DoomEd was a program written by Carmack and Romero in 1993, to directly build the levels from the original Doom. Twenty seven years later, the developers behind Twilight Edge Software are releasing a free and independent port based on that program, appropriately called ReDoomEd, which is based on DoomEd's source code, publicly released by John Romero himself on 2015.

Here you can see a video showing ReDoomEd running on Linux:

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At a personal level, I remember experimenting on DoomEd a long time ago, and I actually managed to create a massive Doom level that is stored on a floppy disk somewhere... waiting for one day to be polished to current standards and published. The first weeks I had a love-hate relationship with this editor, because when compiling the level sometimes it crashed or due to the technical limitations of the time I wasn't able to implement all the features I wanted, but after some insistence I managed to overcome these problems and succeed. They were highly rewarding moments, and I remember being genuinely happy about it; because of these memories I'm totally confident to say that everyone should create a level or add-on at least once in their lifes. The joy of exploring a world that you created from scratch simply cannot be described, only experienced.

Besides, as of 2020, there is still a strong demand for new levels on the Doom community, and people across the years released absolutely masterpieces that are honoured on a yearly celebration called the Cacowards (an obvious reference to the legendary floating demon). And obviously, let's not forget the release of the effective SIGIL (GOL articles here) just a few months ago, which had a very positive reception as well. You really can say Doom is eternal, if you think about it...

Here are the links for the install scripts for Debian based-distros and for Fedora. Don't forget that you need to download either Zandronum or GZDoom to be able to play Doom on Linux. Also, you will need a copy of the original games, because nothing can be done without the .IWAD files - you can find Doom easily on GOG.

And finally, just keep in mind DoomEd was limited to the vanilla version of Doom. There are already newer Doom editors out there; I can mention PrBoom (although it was lastly updated more than a decade ago) and Eureka (which had its last update on 2018), which might have new capabilities and functionalities; even Romero mentions some limitations on one of his tweets, but still ReDoomEd theoretically may be a good place to start before moving to more advanced features. 

I will most likely cover these two other editors on another article, provided I have the time to do so, but in the meantime feel free to create your own Inferno...

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About the author -
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Just a regular Linux user (not even a programmer at the moment of contributing) who used to mostly write about obscure but still interesting games with native support, in an effort to help them gain a bit of deserved exposure.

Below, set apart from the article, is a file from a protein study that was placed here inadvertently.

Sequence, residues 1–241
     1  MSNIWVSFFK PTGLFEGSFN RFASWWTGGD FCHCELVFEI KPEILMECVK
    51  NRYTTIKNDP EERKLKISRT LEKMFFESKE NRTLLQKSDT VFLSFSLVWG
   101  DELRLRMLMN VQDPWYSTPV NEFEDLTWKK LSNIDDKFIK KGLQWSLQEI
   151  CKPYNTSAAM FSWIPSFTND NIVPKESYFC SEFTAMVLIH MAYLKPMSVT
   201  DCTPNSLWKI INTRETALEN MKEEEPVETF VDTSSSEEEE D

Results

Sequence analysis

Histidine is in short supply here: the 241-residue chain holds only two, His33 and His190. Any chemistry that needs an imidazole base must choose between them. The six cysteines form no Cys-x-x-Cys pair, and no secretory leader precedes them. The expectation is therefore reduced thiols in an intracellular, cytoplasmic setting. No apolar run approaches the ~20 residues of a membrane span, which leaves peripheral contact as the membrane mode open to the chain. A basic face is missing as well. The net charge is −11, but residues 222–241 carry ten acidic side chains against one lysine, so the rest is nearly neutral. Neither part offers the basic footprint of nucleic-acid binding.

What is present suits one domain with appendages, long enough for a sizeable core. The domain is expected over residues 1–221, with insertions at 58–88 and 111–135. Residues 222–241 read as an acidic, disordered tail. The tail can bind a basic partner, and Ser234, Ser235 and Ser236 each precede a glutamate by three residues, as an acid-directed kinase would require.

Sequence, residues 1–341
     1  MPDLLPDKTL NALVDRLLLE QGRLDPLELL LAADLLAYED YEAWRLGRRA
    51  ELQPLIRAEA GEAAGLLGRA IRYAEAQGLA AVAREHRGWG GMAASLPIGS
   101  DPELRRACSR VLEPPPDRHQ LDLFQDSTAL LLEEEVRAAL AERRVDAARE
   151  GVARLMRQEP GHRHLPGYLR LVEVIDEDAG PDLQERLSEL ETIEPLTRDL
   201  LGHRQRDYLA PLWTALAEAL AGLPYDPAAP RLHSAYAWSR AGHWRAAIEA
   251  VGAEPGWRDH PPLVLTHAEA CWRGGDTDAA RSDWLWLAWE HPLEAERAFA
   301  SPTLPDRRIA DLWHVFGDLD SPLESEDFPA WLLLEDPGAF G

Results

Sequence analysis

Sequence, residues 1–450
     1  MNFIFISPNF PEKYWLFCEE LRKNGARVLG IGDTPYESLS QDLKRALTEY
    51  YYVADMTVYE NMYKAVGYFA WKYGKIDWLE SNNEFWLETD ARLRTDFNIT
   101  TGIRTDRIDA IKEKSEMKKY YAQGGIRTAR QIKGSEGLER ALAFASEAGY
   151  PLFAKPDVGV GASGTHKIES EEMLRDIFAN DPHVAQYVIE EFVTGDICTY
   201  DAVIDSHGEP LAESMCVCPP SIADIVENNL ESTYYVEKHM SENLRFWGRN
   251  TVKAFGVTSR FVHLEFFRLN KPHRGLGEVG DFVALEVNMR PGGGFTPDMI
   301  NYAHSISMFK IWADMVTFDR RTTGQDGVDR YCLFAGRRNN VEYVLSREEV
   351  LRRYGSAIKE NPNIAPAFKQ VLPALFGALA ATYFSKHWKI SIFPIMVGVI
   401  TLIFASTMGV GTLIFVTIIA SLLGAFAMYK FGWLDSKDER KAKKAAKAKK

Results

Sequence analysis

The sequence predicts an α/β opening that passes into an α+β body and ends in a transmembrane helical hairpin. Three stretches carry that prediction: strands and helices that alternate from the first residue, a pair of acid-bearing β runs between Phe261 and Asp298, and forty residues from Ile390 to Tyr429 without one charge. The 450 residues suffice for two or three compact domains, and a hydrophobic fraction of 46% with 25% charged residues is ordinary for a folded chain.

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December 2019 - April 2020

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Opinions at the moment of writing the articles were mine, though in some cases contents were edited or critical information was added by GOL Editors before approval.

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KayKay91 26 Jan, 2020
Yo ya forgot to mention SLADE which also can be used for map editing.
x4mer 26 Jan, 2020
27 years
axredneck 26 Jan, 2020
Quoting: GuestI just want the GZDoom Builder for Linux (or at least a good way to get it working via Wine).
Ultimate Doom Builder works for me under Wine
Cyril 26 Jan, 2020
Quoting: KayKay91Yo ya forgot to mention SLADE which also can be used for map editing.

Briefly, what are the differences between SLADE3 and ReDoomEd (or any other Doom level editor)?
wvstolzing 26 Jan, 2020
I wonder if this pulls in mountains of GNUstep dependencies.
axredneck 26 Jan, 2020
Quoting: CyrilBriefly, what are the differences between SLADE3 and ReDoomEd (or any other Doom level editor)?
- Slade is not only a level editor.
- Slade has 3D mode.
- Slade supports some of GZDoom features.
ElectricPrism 27 Jan, 2020
That's pretty dope. I really love modder content in my feed, probably because it feels like "secrets" -- special software few know about. (And before anyone argues with me over them not being amazed because XYZ and they knew about this for years even Linux itself historically represents a "secret", or a "select elite" few know about which creates allure.)
Purple Library Guy 27 Jan, 2020
Oh no! We'Re DoomEd!

Last edited by Purple Library Guy on 27 January 2020 at 7:38 am UTC
-Daniel-Palacio- 28 Jan, 2020
Quoting: KayKay91Yo ya forgot to mention SLADE which also can be used for map editing.

I'm not sure if the wording made it totally clear, but it wasn't meant to be a comprehensive list; in fact, there might be even more editors with Linux support "hidden" somewhere...

Still, thanks for mentioning SLADE, so that now other people can check it out. :)

Quoting: x4mer27 years

Hmmm... it seems we had a disturbance in time!

It's fixed now. Just please remember to use next time the "For spelling, grammar and other corrections to our article—click here" button near the bottom of the article. At a personal level I don't mind people posting corrections on the comments, but it's just a requirement made by the editors.

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